Besides the mode of duality, the Indian school of Samkhya presents a three-component mode of interrelations as well. According to Samkhya, the material component of the world consists of three interweaved ingredients (gunas): sattva, radjas and tamas. They have both ontological and ethical characteristics and could be in various interrelations among themselves. Each of these components can be regarded as opposite to either of the other two. The main opposition, however, is between sattva, connected with light, construction and goodness, and tamas, connected with darkness, destruction and evil (obviously they have different ethical values). The third component, radjas, is interpreted in terms of passion and activity and it realises the connection between the other two. This mediatory component is in some aspects closer to one, in others - to the other of the components, having at the same time its own unique specifics. None of these components is antagonistic to neither of the others. The three components in their mutual and different combinations form the specifics of the whole. They could not be reduced to each other but in every combination, forming the existing things, one of them is prevailing.
Interesting in this respect are the ideas about East-West communication of Poolla Tirupati Raju, Indian philosopher of the XX century, one of the experts in comparative philosophy. He regards three traditions: Western, Indian and Chinese. Each one of them, according to him, has its own value. There is no antagonism (one of the possible issues of opposition) among them, "the so-called antagonism is not antagonism at all; it is only a difference in the emphasis on various aspects of correlation" (Raju 2001: 297). According to him, neither of these traditions is superior to the others. Each should be considered in its wholeness and continuity. The specifics of Western tradition, which is rational and scientific, is the "struggle for the liberation of the outward". Chinese tradition, described as humanistic, is concentrated on the "human mindfulness". The main topic of Indian tradition, rooted in the sphere of inner development, is the "explication of inwardness." (Raju 1962)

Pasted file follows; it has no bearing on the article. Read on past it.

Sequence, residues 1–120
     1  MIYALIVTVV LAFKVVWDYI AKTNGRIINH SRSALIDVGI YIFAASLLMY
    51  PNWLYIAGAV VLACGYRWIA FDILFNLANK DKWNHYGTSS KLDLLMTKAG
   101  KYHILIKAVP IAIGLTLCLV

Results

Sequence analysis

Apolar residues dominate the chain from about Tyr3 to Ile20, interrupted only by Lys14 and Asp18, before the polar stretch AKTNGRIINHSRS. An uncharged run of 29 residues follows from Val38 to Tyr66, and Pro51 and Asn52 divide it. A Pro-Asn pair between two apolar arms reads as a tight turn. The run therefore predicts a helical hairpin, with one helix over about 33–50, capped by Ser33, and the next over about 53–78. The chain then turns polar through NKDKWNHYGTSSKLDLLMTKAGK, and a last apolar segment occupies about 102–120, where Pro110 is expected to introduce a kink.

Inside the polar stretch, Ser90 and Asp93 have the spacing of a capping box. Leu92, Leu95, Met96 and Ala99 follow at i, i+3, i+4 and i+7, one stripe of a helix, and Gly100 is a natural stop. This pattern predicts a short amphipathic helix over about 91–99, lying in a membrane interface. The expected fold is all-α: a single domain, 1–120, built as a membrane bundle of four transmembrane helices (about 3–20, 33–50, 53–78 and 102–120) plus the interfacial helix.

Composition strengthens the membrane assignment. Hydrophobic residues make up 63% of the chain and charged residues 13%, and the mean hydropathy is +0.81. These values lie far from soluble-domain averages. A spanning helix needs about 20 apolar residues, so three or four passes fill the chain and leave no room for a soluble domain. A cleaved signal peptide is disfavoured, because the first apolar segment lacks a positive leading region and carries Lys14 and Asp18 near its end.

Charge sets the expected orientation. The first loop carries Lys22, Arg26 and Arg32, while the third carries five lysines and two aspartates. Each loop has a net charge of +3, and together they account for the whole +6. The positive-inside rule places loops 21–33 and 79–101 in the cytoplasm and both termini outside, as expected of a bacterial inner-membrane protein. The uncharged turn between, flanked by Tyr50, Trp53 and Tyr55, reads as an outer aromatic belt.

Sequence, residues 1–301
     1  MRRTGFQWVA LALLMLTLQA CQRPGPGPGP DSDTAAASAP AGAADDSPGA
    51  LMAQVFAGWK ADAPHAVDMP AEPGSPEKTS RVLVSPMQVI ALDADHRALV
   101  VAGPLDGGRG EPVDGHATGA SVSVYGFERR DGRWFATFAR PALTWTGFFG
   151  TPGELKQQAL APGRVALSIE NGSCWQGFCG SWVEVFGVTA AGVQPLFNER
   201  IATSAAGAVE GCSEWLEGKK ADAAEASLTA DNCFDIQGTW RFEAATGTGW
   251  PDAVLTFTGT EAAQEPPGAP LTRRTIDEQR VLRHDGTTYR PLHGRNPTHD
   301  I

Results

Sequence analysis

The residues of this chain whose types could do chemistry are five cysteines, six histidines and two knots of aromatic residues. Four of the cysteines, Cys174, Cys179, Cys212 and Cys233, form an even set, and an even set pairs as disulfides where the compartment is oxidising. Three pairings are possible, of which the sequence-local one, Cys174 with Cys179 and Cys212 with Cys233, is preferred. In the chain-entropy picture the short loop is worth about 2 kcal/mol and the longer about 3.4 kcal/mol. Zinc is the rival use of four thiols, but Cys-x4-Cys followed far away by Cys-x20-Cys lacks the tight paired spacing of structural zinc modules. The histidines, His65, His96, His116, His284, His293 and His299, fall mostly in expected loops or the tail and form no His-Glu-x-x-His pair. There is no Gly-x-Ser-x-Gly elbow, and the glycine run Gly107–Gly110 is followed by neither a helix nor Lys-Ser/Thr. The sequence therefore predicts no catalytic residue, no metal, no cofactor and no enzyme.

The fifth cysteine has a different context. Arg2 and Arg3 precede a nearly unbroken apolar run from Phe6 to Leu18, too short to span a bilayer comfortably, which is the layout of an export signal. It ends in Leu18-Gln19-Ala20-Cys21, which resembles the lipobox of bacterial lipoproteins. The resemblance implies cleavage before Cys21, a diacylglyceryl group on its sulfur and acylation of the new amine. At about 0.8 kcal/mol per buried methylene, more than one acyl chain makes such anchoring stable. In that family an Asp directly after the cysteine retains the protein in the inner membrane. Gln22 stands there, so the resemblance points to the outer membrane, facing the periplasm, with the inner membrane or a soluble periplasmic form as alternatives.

As in the theory of the three gunas, there could be different lines of relation between these traditions. From one side, the Indian and Chinese philosophies are philosophies of life and are opposite to the Western philosophy, which presents methods of thinking. From the other side, Chinese and Western philosophies are similar because both are external, their interest being towards the outer objects. In this sense, they are opposite to the Indian one that seeks for the truth, beauty and goodness in the inner being of the human, not in the human relations or physical reality.
The three gunas in their cooperation form the whole of the world. In similar way Raju thinks that all traditions could contribute to each other and continue together forming one whole. It is absurd to put a demarcation line between East and West, between materialism and humanism, between modern science and spiritual life. He regards human being as the common denominator of comparison of different traditions and insists that every tradition could contribute to the philosophy of life that is necessary for our time. Each would contribute with its specifics and achievements.
Although the Indian thinker - who regards himself as a follower of Advaita-vedanta, not of Samkhya - tries to be objective and to outline the achievements and shortcomings of every traditions, including the Indian one, the reader still has the feeling that Indian philosophy with its accent on the inner spiritual life and its practical applicability is more valuable than the other ones.